University of Miami School of Law Course Description - Online System
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Fall 2017
LAW281  A  ENTERTAINMENT LAW: MOTION PICTURES AND TELEVISION

Course Description
This course is designed to provide a comprehensive survey of the often intertwined legal and business issues encountered by transactional attorneys within the entertainment industry, with particular emphasis on theatrical motion picture and television. While knowledge of Copyright and related intellectual property law is helpful, the student will not be expected to bring to the course any specific prior understanding or experience in the area. The material will be presented from the perspective of the practitioner representing clients involved in the production and exploitation of films and programs intended for exhibition in theatres and on television. The course will examine the appropriate business entities to be utilized, and the various structures commonly employed to finance production. These include distribution presales, network licenses, bank loans, completion bonds, tax shelters and various domestic and foreign governmental subsidies. Major studio versus independent production will be contrasted. Sources of revenue will be discussed, as well as the various forms of contingent compensation, including deferments and net, gross and adjusted gross participations. The course will also introduce the legal and business issues encountered in connection with the acquisition of underlying literary properties and agreements for the services of producers, writers, directors and actors (including minors). Specifically included in the analysis will be the considerable impact of the various guild agreements in connection with a number of issues, including compensation, residuals, and credit. The role of agents and managers, and the laws under which they function will also be addressed. The various forms of legal protection afforded intellectual property will be examined, including under copyright, implied contract theory, rights of privacy/publicity and other statutory and common law approaches. Typical transactions and forms of contracts will be discussed, with a view towards understanding the key issues involved, the positions customarily taken by each side and the compromises often reached. The overall goal of the course is to enable students to develop an informed and analytical approach to the practice of entertainment law.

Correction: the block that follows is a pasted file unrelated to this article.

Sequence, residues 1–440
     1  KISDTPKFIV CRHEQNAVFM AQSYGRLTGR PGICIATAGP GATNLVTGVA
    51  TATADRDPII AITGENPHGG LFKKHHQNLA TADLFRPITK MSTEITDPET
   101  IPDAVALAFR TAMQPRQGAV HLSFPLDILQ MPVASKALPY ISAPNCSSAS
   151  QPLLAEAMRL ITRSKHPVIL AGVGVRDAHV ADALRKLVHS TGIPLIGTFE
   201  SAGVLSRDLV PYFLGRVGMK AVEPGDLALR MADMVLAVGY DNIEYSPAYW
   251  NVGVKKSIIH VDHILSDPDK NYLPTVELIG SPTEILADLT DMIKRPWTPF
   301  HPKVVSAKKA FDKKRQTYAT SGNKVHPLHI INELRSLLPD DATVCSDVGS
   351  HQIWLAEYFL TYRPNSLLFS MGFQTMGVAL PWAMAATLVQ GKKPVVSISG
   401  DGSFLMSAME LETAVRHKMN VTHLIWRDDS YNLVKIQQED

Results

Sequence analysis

Short Course Attendance Policy Due to the small number of meetings, attendance to all meetings/classes for short courses is mandatory. Students who miss more than one class session (80 minute) of a 2-credit short course are subject to administrative withdrawal and will have a W for the course on their transcripts.


Course Schedule
Offering Dates: 10-10-2017 - 10-21-2017  

Dates Day Time Room
10-10-2017 - 10-12-2017   TWR  12:30 PM-1:50 PM F309
10-13-2017 - 10-13-2017   F  1:20 PM-5:00 PM F309
10-14-2017 - 10-14-2017   S  10:00 AM-1:40 PM F309
10-16-2017 - 10-19-2017   MTWR  12:30 PM-1:50 PM F309
10-20-2017 - 10-20-2017   F  2:00 PM-5:00 PM F309
10-21-2017 - 10-21-2017   S  10:00 AM-1:00 PM F309

Course Frequency
Occasional course offering

Course Information

Credits: 2
Pass/Fail Option: No
Prerequisite: Recommended BA, Copyright or Intellectual Property
Grading: Graded
Method of Evaluation: Final Exam- November 3 @ 2:00 PM
Graduation Requirements Fulfilled By Course: None
Special Attributes:
Short Course
Special Restrictions:
Law Track(s):
Entertainment, Music, & Sports - Basic
Intellectual Property - Specialized
Bar Subject(s): None
Concentration(s): None

View Book Information  
Professor(s)

LA TERZA, NICHOLAS


Biography
Contact Information:
Email: jmls3555@aol.com